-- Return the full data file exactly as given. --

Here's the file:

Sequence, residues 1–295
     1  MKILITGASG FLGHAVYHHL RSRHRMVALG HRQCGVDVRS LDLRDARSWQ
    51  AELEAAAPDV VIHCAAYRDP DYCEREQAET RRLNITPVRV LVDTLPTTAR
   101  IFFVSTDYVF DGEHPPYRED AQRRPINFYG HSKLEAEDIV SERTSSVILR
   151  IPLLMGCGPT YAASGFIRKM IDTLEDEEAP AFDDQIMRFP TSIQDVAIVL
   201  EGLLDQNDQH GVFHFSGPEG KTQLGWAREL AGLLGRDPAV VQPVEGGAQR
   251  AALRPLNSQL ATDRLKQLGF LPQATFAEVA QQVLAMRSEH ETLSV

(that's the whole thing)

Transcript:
Sequence, residues 1–295
     1  MKILITGASG FLGHAVYHHL RSRHRMVALG HRQCGVDVRS LDLRDARSWQ
    51  AELEAAAPDV VIHCAAYRDP DYCEREQAET RRLNITPVRV LVDTLPTTAR
   101  IFFVSTDYVF DGEHPPYRED AQRRPINFYG HSKLEAEDIV SERTSSVILR
   151  IPLLMGCGPT YAASGFIRKM IDTLEDEEAP AFDDQIMRFP TSIQDVAIVL
   201  EGLLDQNDQH GVFHFSGPEG KTQLGWAREL AGLLGRDPAV VQPVEGGAQR
   251  AALRPLNSQL ATDRLKQLGF LPQATFAEVA QQVLAMRSEH ETLSV